Many families in El Salvador lack the necessary support to better their situation and ensure that their children will be able to escape the cycle of poverty as they become adults. The safety, health and education of children must be ensured in order to achieve long-term improvement and a peaceful society.
What we do in Santa Tecla
Our work in Santa Tecla began in 1982. Currently, four SOS families can provide a loving home for up to 54 children who are no longer able to live with their parents. In each family, the children live with their brothers and sisters, affectionately cared for by their SOS mother.
When young people from the children’s village are ready to leave their family in order to pursue further education or vocational training, the SOS Youth Programme provides shared accommodation. The young people live together here and, with the support of qualified counsellors, they can learn to take responsibility, plan their future and prepare for independent adult life.
20 years after the peace treaty, the daily homicide rate in El Salvador is higher than during the civil war
Santa Tecla is the capital of the department of La Libertad in central El Salvador. The city has a population of over 120,000. Almost 90 per cent of the population live in urban areas, and 40 per cent are migrants from other departments.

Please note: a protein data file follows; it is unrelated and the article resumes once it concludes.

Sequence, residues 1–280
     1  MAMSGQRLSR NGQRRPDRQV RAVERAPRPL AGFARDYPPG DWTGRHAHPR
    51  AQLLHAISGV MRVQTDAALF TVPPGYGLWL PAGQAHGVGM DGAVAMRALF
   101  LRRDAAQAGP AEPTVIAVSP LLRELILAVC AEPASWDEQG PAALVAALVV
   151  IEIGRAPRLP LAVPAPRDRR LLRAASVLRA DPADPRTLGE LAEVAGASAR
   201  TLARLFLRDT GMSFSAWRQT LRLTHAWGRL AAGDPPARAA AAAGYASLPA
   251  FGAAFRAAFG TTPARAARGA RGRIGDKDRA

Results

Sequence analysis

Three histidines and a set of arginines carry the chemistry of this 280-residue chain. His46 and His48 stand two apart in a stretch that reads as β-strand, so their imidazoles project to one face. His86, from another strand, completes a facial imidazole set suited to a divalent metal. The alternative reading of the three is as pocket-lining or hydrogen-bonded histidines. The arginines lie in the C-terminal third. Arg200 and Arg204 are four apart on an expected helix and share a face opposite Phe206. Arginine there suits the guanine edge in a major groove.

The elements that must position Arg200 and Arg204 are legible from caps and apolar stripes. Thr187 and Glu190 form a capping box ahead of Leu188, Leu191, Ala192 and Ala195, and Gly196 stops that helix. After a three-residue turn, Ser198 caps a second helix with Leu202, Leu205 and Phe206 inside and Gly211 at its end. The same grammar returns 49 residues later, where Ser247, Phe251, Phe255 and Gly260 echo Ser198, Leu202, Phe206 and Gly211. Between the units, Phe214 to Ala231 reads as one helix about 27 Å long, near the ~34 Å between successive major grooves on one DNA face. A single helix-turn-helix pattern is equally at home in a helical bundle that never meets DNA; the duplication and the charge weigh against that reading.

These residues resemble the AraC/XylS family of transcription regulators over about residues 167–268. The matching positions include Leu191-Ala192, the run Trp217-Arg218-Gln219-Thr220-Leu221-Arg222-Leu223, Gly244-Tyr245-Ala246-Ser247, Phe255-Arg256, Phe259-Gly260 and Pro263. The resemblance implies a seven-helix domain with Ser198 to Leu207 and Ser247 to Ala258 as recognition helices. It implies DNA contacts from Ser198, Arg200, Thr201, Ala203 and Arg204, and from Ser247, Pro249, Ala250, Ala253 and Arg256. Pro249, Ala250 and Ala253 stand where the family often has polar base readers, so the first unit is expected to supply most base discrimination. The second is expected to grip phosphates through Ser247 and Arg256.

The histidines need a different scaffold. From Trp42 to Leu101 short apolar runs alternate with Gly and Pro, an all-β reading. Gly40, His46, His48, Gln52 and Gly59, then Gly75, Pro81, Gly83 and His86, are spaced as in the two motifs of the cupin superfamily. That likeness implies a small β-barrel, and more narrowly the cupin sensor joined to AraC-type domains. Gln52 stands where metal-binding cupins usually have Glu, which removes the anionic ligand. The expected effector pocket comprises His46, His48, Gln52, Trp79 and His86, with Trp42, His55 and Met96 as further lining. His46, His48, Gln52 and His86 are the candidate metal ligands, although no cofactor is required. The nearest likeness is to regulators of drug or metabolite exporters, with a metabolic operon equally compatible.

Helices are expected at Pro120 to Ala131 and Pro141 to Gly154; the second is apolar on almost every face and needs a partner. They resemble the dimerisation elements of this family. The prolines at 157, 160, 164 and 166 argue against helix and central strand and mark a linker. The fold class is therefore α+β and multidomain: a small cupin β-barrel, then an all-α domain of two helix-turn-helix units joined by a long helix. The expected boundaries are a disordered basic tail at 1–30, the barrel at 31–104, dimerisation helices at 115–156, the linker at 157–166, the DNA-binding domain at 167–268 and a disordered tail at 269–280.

The growing presence of the Salvatrucha and Mara 18 gangs in Santa Tecla has led to a stark increase in violence. Certain neighbourhoods, such as Guadalupe I, are now completely inaccessible to anyone who doesn’t have gang connections. These gangs, or “Maras”, are transnationally organised, financed through drug trafficking and arms trading, and have very strict codes of conduct.
Gang members include children and young people from rural areas who have migrated to the city, and those from impoverished neighbourhoods where urban unemployment, especially amongst young people, continues to be a great problem. Often, these young people come from broken homes and are drawn to the solidarity offered by being part of a Mara. When a young person joins a gang, on average he or she lives for another three years. According to the Organisation of American States, nine out of ten murders in Central America are committed against young people, many of them in the course of gang wars.
Children and young people need to be offered alternatives and hope for the future
The safe and healthy development of children growing up in these circumstances is endangered not only by difficult economic conditions, but also by a culture of violence that puts them at risk of losing family members or becoming involved in criminal activities themselves. Parents, especially when they are young or single mothers, need support so that they do not lose hope and can provide a loving home for their family.
In the 30 years that SOS Children’s Villages has been working in Santa Tecla, the area has changed a great deal, from a mainly agricultural coffee-growing region, to an urban environment that has become increasingly marked by crime and violence since the end of the civil war. We have therefore had to adjust our work here to the changing circumstances, for example by cooperating with psychologists to provide expert support to children who have had traumatic experiences.